Zulu Alpha Kilo

The global indie

From the beginning, Zulu Alpha Kilo’s founder and CCO/CEO Zak Mroueh did not want his new shop to be part of the mainstream agency scene. And he baked his counterintuitive approach into the indie’s founding principles – challenging long-held ways of doing business by being unabashedly bold and nonconformist.

To this day, Mroueh personally shares the ever-evolving handbook he created to help guide the agency, entitled “The Zulu Way,” with all new employees so they understand the shop’s operating principles and long-term mission.

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After back to back wins from Ad Age including the title of 2017’s International Small Agency of the Year, the Toronto shop has its eye on building a global creative powerhouse.

“There was no handbook on how to start an agency. I just knew I wanted to create a different experience for clients and not follow the conventions and antiquated models that have been around since the Mad Men era,” says Mroueh. “Today, most creative leaders live in fear of how they will be judged by their peers instead of their clients. From day one, we believed clients deserve better.”

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Common Ground Doc Still

Common Ground was created through the agency’s content studio, Zulubot, and got the attention of Discovery channel, which aired the documentary as a one-hour primetime special. The original online series was promoted with retro-style stealable posters that became hugely popular.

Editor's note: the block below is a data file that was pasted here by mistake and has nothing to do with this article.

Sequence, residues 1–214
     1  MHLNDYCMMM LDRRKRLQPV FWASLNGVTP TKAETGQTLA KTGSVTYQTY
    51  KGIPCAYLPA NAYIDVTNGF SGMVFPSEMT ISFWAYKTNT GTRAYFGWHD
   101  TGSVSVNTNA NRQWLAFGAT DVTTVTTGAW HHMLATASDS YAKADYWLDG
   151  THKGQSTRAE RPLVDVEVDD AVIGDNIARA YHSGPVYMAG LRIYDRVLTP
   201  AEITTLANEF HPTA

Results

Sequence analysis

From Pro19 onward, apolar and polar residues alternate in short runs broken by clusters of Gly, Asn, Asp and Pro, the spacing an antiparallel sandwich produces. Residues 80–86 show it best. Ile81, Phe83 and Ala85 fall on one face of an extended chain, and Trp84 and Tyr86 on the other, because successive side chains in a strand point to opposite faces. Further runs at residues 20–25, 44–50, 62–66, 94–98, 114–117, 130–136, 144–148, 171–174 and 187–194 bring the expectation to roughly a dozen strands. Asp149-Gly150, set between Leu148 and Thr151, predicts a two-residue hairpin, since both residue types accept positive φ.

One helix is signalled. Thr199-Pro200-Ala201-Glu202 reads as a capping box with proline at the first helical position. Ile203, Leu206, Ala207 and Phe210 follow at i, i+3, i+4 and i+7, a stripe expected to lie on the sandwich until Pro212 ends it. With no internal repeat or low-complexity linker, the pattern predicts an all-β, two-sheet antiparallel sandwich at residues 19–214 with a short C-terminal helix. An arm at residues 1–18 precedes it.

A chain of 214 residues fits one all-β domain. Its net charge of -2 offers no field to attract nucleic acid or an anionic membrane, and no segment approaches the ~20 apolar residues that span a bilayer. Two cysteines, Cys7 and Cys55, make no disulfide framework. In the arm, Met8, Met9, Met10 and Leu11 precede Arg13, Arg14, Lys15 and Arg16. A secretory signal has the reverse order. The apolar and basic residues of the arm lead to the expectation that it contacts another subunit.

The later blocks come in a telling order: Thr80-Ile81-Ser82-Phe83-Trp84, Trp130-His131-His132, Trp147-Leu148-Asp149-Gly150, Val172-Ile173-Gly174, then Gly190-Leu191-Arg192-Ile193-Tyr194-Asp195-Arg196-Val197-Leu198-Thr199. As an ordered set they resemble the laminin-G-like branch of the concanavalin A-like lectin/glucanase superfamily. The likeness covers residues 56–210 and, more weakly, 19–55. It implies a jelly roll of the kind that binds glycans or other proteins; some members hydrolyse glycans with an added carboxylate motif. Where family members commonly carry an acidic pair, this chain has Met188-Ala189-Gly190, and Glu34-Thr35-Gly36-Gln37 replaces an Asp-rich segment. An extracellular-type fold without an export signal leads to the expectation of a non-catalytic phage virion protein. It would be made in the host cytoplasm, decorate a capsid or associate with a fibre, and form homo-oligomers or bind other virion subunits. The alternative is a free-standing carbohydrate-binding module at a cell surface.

Client transparency, respect and being counter-culture are well ingrained in the agency, he adds. After nine years, that commitment to values is working. For the second year in a row, Zulu received the worldwide honour of being recognized by Ad Age, this time as 2017’s International Small Agency of the Year.

Competing against over 300 independent shops globally with 150 or less employees, Zulu also won the magazine’s Small Agency of the Year in 2016. It was the first time in the competition’s history that a non-U.S. shop had ever won the top prize.

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Mike Sutton and Zak Mroueh accept Ad Age’s International Small Agency of the Year Award in July. It was Zulu’s second win in two years.

As the agency surpasses 100 employees by year’s end, Zulu is certainly not small by Canadian standards. After the most recent international accolades, Zulu received offers to sell, open up in the U.S and even set up shop in Japan. Even with global clients approaching the agency as a result of the wins, Zulu is eyeing international expansion on its own terms. Mroueh retained an international recruitment firm to help find a globally focused executive creative director to join the team in Toronto. While he’s a big supporter of local talent, his reasoning for looking internationally is simple: if Zulu wants to continue to compete on the world stage, it needs the best people, regardless of geography. Other new creative and planning hires have included talent from Brazil, France, U.S. and the U.K.